The Flatlanders: Live Last Night
"Hills and Valleys," the new Flatlanders album, has the perfect title. Watching the trio open a two-night stand at the Birchmere last night, one only wondered why it took them so long to use it.
Entering something like their 37th year of existence, Joe Ely, Butch Hancock and Jimmie Dale Gilmore exude a timeless sheen, a kind of immutable connection with their music that was apparent even when they played songs from their new disc. But it was the rising and falling of the 90 minute set -- aided by a spontaneous and scorching appearance from Bill Kirchen -- that lent it an understated majesty.
(Read the rest of the review after the jump.)
Much of the band's mythic status comes from songs recorded in the early 1970s; since resuming regular activity in 2002, they have kept those compositions in their live shows.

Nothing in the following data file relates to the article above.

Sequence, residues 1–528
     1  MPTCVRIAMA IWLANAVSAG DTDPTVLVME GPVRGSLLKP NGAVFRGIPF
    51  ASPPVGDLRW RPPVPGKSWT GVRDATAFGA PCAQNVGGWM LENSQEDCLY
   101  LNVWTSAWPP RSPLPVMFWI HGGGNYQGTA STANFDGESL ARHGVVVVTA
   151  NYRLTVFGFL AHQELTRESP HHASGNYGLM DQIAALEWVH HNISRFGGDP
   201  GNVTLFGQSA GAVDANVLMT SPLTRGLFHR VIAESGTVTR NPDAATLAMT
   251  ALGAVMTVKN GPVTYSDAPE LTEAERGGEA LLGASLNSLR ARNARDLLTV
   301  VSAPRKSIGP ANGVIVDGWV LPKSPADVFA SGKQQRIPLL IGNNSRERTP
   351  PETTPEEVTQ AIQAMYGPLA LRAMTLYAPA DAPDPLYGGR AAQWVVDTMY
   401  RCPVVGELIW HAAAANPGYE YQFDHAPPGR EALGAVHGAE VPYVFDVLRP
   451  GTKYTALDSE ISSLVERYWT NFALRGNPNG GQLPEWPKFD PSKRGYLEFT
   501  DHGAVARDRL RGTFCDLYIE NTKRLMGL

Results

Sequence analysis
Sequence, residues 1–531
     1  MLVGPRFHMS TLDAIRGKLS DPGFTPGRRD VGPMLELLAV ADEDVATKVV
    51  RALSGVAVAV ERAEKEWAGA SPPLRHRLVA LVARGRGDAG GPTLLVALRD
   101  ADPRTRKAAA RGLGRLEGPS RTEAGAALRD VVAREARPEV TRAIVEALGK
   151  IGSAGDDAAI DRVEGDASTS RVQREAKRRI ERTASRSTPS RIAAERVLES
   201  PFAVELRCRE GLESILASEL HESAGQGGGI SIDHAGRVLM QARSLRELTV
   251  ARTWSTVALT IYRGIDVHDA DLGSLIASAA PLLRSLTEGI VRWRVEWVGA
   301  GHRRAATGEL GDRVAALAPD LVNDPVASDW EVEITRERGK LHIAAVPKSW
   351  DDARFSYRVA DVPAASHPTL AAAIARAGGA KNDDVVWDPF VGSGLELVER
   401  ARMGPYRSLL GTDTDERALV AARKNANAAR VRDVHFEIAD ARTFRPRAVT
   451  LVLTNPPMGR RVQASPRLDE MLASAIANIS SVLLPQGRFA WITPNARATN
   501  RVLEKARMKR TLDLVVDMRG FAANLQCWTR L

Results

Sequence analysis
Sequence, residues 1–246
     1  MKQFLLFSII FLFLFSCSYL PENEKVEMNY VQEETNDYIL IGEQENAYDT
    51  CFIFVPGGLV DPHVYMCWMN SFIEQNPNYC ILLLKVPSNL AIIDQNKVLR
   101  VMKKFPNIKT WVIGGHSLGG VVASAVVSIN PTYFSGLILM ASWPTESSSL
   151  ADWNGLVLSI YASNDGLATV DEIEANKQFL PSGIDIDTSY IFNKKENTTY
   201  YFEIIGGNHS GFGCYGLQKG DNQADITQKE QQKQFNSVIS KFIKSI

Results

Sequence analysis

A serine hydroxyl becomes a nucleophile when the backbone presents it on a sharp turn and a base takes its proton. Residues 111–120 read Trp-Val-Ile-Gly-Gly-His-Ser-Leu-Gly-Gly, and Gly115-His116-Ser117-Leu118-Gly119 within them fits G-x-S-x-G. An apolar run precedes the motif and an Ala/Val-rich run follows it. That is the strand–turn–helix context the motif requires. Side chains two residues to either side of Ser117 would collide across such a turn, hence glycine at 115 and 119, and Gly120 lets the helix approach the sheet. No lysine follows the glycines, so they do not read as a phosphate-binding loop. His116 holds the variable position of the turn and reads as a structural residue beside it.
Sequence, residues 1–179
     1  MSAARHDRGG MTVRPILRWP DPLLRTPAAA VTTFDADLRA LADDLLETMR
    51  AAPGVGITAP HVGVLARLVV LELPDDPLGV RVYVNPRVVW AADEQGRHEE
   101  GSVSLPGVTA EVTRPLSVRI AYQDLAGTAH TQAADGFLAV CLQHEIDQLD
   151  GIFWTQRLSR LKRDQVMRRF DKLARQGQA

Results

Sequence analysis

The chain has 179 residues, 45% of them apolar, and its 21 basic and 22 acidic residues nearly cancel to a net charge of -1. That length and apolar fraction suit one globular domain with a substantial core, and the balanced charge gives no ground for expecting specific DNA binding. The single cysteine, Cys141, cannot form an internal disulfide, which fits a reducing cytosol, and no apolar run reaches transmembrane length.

Last night, however, the Flatlanders offered only Gilmore's winsome "Dallas" (turned into a sinewy blues version) from that enchanted period, drawing the bulk of the set from more recent work.
From Hancock's vocals on "Borderless Love" and the surging "Julia" to Ely's pensive "Homeland Refugee" and Gilmore's quietly wavering "After the Storm," the set never misfired.
It did crackle a lot, not only because of a sharp backing band (led by guitarist Robbie Gjersoe), but also when Kirchen leapt from a stage-side table, strapped on a Fender and tore into "Sowing on the Mountain" (a raucous reworking of a Woody Guthrie tune) and Townes Van Zandt's "White Freightliner Blues."
Fittingly, the set's highlight came from a shifty, mid-tempo number: "No Way I'll Never Need You" rose and dipped with a suppleness that wasn't really country, Tex-Mex, folk or rock-and-roll. It was simply a Flatlanders tune and sometimes, those are the only kind that will do.
-- PATRICK FOSTER
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Posted by: Annandale | April 20, 2009 9:27 PM
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